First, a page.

I also like this one from Ergo Chef. It’s probably my favorite. It goes through baguette like it’s slicing butter.

Sheet pans

I muddled through for years with junky metal pans that warped at high heat and rusted. Then I splurged on these uncoated steel pans from Chicago Metallic. They are restaurant grade and my favorite pans for baking rolls and cookies.

Silpat mats or parchment paper

I can’t tell you how much more pleasurable it is NOT to scrape baked on dough from the baking sheets. Lining the pans with silicone baking mats or parchment paper has made baking so much more fun. The silpat mats are reusable and fit the baking sheets perfectly. Love them!

Favorite Bread Baking Tools - Want to bake more? A few great baking tools can help you by making the process easier and a lot more fun.

Glass loaf pans

I own about seven different loaf pans in three different sizes. During a big freezer cooking session, I might actually use them all. I have these and these.

Baguette pan

Since we moved just a few miles from a real French bakery, I tend not to use my baguette pan as often as I used to. We’ve gotten spoiled. But, this baguette pan is wonderful for helping you craft more authentic French bread.

Baking stone

I have a love-hate relationship with baking stones. I’ve had a few break in the oven. I’ve sold at least one at a garage sale. A few years ago I had my husband stop at Target on his way home from work to buy me this one so that I could make Artisan Bread Dough in Five. I decided that while I don’t use it often, it’s something to keep on hand for different baking uses. There may be better models out there. I wasn’t picky.

Good tools are worth the investment.

These are the tools that I use regularly to craft home-baked bread. Surely the tools are an investment. That can be a hard thing to swallow, especially when you’re operating on a tight budget or aren’t sure what kind of amazing cool you’ll become.

Trust me, Little Grasshopper, awesome you will become.

My husband is a carpenter by trade. He knows first hand that having the right tools can make your job easier, better, safer, and a lot more fun. Early in our marriage, he convinced me of this and has supported me in finding the right tools for the kitchen to make my cooking easier and more enjoyable.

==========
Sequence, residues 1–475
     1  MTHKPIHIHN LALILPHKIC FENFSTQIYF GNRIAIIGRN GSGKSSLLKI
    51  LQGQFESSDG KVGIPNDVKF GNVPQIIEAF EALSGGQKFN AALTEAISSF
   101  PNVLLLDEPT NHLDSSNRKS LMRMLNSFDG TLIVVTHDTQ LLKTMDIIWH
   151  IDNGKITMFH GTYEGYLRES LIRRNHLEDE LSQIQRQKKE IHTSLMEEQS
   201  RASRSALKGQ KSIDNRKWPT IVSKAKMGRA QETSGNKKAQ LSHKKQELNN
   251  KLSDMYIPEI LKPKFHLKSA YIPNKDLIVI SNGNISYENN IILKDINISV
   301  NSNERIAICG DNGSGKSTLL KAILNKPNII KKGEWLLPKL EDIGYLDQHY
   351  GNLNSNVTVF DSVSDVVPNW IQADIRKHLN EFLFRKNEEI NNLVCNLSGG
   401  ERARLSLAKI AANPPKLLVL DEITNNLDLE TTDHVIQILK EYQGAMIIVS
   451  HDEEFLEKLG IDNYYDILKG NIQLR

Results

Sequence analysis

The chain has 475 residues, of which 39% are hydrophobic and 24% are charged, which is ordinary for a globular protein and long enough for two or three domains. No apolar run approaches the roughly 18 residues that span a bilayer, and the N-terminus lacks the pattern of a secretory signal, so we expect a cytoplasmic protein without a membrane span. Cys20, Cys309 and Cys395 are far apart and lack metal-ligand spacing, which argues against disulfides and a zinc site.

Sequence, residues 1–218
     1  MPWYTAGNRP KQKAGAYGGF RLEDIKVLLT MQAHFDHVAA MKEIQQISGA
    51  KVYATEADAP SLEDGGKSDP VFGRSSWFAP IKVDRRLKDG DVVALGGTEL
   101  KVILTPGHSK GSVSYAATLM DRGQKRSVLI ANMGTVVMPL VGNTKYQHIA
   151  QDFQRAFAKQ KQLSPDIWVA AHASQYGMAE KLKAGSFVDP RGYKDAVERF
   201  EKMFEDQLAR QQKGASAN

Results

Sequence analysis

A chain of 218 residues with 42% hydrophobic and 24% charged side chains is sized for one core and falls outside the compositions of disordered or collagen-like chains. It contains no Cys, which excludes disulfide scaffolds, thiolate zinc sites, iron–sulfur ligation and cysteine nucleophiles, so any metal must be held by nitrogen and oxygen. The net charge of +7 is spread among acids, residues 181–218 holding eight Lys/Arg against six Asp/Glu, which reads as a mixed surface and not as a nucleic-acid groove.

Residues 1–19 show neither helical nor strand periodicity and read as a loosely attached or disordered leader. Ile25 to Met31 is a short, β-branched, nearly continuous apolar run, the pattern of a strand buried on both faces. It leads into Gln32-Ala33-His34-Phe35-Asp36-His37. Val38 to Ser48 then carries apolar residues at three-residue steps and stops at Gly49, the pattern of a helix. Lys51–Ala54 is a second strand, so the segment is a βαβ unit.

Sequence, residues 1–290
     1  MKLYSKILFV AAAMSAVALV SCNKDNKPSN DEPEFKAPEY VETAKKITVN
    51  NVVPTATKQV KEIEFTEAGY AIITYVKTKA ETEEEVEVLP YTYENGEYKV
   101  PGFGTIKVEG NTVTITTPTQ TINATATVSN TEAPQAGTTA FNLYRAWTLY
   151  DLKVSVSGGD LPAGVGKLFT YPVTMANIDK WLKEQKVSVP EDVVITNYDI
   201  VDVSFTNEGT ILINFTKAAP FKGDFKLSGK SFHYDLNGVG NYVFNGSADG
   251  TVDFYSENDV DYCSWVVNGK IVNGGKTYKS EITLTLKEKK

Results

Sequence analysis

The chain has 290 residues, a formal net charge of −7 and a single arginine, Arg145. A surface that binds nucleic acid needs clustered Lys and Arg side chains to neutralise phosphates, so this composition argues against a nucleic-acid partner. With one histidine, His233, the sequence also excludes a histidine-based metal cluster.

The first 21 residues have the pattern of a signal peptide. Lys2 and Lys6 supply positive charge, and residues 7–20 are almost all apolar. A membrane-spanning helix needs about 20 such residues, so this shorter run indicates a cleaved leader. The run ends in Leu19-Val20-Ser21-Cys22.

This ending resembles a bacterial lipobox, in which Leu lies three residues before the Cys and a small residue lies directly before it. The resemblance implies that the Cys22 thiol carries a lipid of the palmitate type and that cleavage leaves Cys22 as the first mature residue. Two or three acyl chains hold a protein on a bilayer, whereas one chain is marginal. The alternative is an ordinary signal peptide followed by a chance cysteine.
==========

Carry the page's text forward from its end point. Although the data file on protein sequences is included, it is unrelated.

If cooking is easier, you’ll do it more often. The more you cook at home, the more money you save. A few good baking tools can easily pay for themselves and continue to help you save money in the kitchen. While I would never advocate buying things you don’t need or can’t afford, I do think a few good baking tools can help you and are worth their investment.

What’s YOUR favorite bread baking tool?

About Jessica Fisher

I believe anyone can prepare delicious meals—no matter their budget.

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  1. Melissa says

    I couldn’t agree with you more about having the right tools in the kitchen. I figure if I’m doing as much cooking as I am (3 meals per day for 10 people) I am justified in using good tools (especially good knives).

  2. I love my bread machine and all my bread baking tools, but for me the best tool I have is the cookbook you are showing: The Bread Lover’s Bread Machine Cookbook by Beth Hensperger. It’s a fabulous book. Hope your little one continues to enjoy the work in the kitchen…that’s so important.

  3. Sara K. says

    This post could not have been more timely! My mom used to use a bread machine frequently when I was still living at home (this would have been in the 90’s), but I’ve never gotten around to buying one. I just borrowed my mom’s current machine to test out whether I can fit this into my schedule. Then I will purchase one myself (and that Oster machine is the exact one I have my eye on!). My daughter and I made our first loaf in the machine yesterday which was delicious!

    Your post has given me tips on other tools I may want to add to my kitchen in the near future!

  4. Jen says

    I love my USA Pan loaf pan. It’s the best loaf pan I’ve used. I asked for their muffins pans for Christmas and they are also great.

    Check out thrift stores and garage sales for bread machines. It’s easy to find a hardly used machine for cheap.